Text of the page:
Nicasio’s K rate dropped a bit last year as batters put his fastball in play more often; their whiff rate was constant, but they hit more of them in fair territory in 2017. Moreover, his K rate against righties has fallen off, from over 10 per 9 in 2016 to under 7 per 9 last year. It’s been steady versus lefties, but small samples and exceedingly volatile HR rates make it hard to know what to expect next year. He was worth 1.4 fWAR in each of the past two seasons, but that masked volatility in runs-allowed, thanks to those crazy HR rates and some issues with stranding runners. To take these in reverse order, Nicasio’s never shown much of an abiltity to strand runners. He was above average last year, but that was the first time in his career you could say that. Yes, it’s not a terribly reliable stat, but Nicasio’s career rate of 70% is straight-up bad, and his since-becoming-a-good-reliever rate is…normal-ish. Great relievers show a consistent ability to strand runners, with your Kenley Jansens and Craig Kimbrel’s averaging 85% or so and getting above 90% with some regularity. Those guys cost an arm and a leg. But even lower-tier guys from Mychal Givens to Addison Reed to Zach Duke to Will Harris can stay in the 80s. Nicasio’s never done that. That’s why his ERA/RA9 has been higher than his FIP in two of the last three years. The M’s need the 2017 version of Nicasio, not the fluke-FIP 2015 version or the 2016 HR-troubled version.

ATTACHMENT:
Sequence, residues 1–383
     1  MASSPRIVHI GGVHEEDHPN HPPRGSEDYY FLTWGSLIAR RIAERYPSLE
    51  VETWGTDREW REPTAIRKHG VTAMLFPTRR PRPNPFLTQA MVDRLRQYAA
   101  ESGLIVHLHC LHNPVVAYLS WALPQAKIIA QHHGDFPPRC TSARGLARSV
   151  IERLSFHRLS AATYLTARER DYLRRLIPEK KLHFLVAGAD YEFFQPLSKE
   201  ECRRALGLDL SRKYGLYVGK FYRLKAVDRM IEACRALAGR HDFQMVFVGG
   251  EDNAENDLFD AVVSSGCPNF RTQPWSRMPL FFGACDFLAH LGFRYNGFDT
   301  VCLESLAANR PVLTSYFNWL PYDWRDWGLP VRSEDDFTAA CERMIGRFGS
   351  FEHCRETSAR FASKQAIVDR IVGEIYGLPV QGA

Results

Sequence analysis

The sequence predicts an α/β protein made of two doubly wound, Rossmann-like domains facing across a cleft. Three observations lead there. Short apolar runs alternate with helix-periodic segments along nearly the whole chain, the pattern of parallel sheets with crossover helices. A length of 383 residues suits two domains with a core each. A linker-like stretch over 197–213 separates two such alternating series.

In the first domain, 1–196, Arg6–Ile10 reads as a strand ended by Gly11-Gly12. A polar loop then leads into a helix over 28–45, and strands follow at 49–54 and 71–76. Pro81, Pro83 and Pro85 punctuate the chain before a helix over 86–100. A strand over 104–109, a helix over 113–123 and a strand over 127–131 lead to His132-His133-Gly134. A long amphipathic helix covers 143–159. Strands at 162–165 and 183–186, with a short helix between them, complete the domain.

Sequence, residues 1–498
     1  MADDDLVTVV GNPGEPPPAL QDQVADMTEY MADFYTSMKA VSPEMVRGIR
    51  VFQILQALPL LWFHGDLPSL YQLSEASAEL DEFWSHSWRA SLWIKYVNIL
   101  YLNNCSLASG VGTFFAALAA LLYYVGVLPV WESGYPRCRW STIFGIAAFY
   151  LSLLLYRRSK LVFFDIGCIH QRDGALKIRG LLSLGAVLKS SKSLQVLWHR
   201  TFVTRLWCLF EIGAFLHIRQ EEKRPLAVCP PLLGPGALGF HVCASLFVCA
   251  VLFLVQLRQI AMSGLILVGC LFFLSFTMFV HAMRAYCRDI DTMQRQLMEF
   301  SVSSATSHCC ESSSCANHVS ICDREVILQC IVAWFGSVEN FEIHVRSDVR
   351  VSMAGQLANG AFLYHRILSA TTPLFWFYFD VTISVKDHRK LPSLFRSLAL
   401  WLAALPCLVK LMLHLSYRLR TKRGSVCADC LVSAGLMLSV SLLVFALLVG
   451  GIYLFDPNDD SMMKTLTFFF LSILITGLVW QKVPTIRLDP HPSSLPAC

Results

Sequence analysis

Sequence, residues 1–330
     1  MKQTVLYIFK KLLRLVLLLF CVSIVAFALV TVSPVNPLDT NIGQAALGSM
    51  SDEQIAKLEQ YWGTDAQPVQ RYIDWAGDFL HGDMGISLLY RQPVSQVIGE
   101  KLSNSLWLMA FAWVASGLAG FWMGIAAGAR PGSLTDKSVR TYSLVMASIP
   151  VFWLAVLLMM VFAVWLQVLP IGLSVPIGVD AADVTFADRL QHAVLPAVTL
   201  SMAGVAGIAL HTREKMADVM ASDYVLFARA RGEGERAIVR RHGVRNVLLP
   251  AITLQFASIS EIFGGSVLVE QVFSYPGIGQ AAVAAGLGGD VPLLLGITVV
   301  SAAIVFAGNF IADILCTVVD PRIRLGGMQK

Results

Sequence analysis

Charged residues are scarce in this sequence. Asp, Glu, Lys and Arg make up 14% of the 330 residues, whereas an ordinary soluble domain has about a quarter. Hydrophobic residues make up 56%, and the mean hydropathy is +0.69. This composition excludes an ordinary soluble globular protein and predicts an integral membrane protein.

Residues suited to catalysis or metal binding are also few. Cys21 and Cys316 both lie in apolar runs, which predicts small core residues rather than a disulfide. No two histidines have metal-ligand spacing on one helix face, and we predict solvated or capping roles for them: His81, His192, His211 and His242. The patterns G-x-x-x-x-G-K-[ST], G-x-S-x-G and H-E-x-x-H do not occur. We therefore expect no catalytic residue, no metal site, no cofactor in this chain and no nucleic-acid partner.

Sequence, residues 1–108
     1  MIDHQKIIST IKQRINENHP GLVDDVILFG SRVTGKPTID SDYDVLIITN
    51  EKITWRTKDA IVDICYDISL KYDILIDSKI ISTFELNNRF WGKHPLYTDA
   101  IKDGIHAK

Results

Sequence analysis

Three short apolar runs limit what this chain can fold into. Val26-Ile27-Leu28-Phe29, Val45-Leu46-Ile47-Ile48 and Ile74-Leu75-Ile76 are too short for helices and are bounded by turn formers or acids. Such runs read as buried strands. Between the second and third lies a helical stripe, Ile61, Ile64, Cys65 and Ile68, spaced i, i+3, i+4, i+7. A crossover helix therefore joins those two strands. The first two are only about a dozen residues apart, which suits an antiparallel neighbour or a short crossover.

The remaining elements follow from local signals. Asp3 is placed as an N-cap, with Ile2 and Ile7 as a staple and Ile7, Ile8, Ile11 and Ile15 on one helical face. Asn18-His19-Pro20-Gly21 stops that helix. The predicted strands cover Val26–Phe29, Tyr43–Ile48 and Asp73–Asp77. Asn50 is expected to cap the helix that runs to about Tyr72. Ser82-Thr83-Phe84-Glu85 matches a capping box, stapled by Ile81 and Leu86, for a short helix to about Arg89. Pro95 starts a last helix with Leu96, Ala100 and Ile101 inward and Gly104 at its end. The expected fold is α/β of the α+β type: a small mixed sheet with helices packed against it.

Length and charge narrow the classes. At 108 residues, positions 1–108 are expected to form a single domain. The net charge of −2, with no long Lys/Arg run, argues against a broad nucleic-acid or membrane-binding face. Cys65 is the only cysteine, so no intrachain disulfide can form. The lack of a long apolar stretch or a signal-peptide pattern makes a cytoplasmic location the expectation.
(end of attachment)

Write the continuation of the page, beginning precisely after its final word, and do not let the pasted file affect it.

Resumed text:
The Yankees, armed with one of the deepest farm systems around, always knew they’d get poached in the Rule 5 draft. It’s why they made so many trades in the run-up to the draft to clear off 40-man spots, like the one they’d just given to Nick Rumbelow. Even with their efforts in November/December, they still lost *4* players in yesterday’s Rule 5 draft, the most of any franchise. With the 11th pick, the M’s selected 1B Mike Ford, a lefty-hitting/righty-throwing guy who’d put up solid numbers in the high minors last year. Similar to fellow new-Mariner Matt Hague, Ford is a control-the-zone star, posting great walk rates but little of the power you associate with the position. He’s projected for an ISO in the mid-150s, and a league average slash line of .241/.334/.398 that looks like a dead ringer for fellow LHB/RH throwing 1B Dan Vogelbach (whose projection is slightly worse at .242/.331/.393). Hague is a righty, and while he doesn’t have a projection at this point, it’d look pretty much the same. All of these guys post very good MiLB walk rates and surprisingly low K rates. Hague had the lowest AAA K% in 2017, while Ford’s done it more consistently. Vogelbach’s 6 months younger than Ford, while Hague’s much older at 32.